This Winter, Home Is Where the Hearth Is
Out comes my battered blue Dutch oven and in go pork sausages and oxtails to brown in olive oil and begin building the foundational flavors of the stew. Soon onions, carrots, cumin, and garlic will be sweating in the rendered fat before black beans, meat, and chicken stock go in for a long, slow braise. It’s a riff on feijoada inspired by JJ Johnson’s Spicy Black Bean Stew with Lamb Sausage and his other big-hearted recipes.
Johnson is a New York City chef, helming the stove most recently at Chefs Club as its first-ever chef in residence. But in these recipes, he hews to his own home kitchen. This is family-style cooking at its best: comforting one-pot dishes that draw from the foodways of the Afro-Asian diaspora to cut through the cold and alight the senses.
We need these recipes right now, with spring a faraway dream, just as we all need more gochujang and gochugaru in our pantries. The fermented umami depth charge of Korean chile paste and fiery chile powder—two ingredients guaranteed to warm up the most ho-hum winter meal—can be found in the aisles of H Mart, which is, to my mind, the most exciting supermarket in America right now. H Mart exec Stacey Kwon and chef Deuki Hong take us there as they upgrade the Asian supermarket chain’s food courts with higher-end vendors—a growing trend of grocery stores building out more “grocerants” in-store. Provision the ingredients and prep the recipes, like Mapo Pork Ribs, marinated in Asian pear, soy, and garlic, to brighten your winter gatherings.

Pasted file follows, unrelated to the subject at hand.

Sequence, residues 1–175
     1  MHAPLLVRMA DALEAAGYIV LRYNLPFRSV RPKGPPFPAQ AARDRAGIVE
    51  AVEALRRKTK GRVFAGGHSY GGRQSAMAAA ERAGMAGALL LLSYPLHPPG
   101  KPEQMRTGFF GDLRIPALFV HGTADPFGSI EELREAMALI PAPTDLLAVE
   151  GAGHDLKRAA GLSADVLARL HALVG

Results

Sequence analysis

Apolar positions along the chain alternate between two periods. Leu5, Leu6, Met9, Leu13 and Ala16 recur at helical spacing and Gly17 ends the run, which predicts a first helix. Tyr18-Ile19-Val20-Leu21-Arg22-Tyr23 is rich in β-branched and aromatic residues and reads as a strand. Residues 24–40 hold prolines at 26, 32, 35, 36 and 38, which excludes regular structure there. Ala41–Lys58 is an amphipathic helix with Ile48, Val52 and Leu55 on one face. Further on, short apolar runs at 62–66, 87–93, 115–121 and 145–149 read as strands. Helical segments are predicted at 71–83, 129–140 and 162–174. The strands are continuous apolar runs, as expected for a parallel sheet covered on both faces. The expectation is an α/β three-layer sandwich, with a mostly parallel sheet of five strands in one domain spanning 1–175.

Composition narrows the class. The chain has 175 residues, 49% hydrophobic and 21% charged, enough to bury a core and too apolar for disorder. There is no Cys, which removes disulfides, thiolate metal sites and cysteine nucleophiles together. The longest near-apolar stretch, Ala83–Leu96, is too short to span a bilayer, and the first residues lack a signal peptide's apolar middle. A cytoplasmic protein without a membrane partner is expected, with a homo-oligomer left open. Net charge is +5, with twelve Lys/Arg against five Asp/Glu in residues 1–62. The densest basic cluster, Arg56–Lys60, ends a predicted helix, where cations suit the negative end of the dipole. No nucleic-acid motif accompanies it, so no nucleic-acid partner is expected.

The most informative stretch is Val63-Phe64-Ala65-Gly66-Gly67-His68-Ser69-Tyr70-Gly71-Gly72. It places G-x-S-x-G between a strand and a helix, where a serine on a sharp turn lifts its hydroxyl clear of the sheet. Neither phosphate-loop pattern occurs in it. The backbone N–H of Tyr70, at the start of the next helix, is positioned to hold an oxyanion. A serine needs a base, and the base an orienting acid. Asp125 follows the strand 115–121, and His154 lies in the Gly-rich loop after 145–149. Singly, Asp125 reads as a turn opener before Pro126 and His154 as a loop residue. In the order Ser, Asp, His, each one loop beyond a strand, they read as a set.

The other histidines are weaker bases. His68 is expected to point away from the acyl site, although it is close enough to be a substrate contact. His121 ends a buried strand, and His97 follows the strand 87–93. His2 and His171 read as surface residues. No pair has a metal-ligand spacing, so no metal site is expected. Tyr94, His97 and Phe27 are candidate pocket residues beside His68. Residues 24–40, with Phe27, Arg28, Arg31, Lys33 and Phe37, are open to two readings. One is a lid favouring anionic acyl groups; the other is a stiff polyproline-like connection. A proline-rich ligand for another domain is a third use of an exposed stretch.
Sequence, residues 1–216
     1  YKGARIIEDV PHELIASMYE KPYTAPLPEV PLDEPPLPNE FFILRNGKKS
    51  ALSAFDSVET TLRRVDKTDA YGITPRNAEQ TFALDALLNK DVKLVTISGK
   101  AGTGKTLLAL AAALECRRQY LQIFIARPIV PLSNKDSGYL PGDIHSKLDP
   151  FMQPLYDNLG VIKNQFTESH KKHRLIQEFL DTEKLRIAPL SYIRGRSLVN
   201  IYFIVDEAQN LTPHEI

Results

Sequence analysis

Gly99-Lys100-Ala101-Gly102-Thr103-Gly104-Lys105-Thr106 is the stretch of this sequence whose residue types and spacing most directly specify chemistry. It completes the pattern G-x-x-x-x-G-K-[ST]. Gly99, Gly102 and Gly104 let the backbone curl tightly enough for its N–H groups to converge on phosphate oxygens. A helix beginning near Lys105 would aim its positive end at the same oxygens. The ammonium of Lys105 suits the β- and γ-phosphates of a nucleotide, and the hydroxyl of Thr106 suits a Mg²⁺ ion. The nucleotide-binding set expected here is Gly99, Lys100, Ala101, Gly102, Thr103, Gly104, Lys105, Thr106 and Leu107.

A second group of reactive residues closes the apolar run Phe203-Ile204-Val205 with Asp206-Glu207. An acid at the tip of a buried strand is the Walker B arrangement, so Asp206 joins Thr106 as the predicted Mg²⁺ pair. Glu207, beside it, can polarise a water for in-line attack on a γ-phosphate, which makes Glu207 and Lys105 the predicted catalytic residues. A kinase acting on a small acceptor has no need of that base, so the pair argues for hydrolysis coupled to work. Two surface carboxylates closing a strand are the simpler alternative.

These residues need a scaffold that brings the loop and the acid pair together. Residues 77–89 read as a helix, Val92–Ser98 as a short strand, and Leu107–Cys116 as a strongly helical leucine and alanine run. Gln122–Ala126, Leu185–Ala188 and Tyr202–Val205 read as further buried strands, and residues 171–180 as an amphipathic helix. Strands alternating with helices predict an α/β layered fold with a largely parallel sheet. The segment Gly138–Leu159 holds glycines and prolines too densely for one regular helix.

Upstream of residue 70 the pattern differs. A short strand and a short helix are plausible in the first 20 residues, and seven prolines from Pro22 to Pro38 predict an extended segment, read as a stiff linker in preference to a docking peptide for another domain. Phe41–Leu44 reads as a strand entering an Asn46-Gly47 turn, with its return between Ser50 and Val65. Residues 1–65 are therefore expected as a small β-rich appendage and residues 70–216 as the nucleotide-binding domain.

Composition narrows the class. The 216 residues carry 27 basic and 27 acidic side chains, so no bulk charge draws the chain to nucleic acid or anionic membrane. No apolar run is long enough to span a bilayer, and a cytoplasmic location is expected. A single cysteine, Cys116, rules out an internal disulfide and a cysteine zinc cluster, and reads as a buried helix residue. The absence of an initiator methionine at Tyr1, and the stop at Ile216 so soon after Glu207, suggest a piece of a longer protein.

And while the rest of us hunker down, up north—make that “up North”—essayist Lizz Winstead and her fellow Minnesotans put the party on ice and “hunker up”. Leading up to this year’s Super Bowl in Minneapolis, Minnesota’s chefs share the comforting cold-weather recipes and hospitality that’ll make you want to strap on your snowshoes, grab your ice fishing gear, and head for the Twin Cities. Just don’t call it the Midwest.
There will be plenty of travel ahead and passports to stamp in the months to come, but right now on this cold Birmingham day, with the dark of night encroaching, my kitchen is the best place in the world to be. I uncork the wine and mash some of the tender beans against the side of the pot to thicken the stew, then squeeze in lime juice for the last layer of flavor. We carry bowls and glasses downstairs and feed the fire with more red and white oak.
This time of year, home is where the hearth is.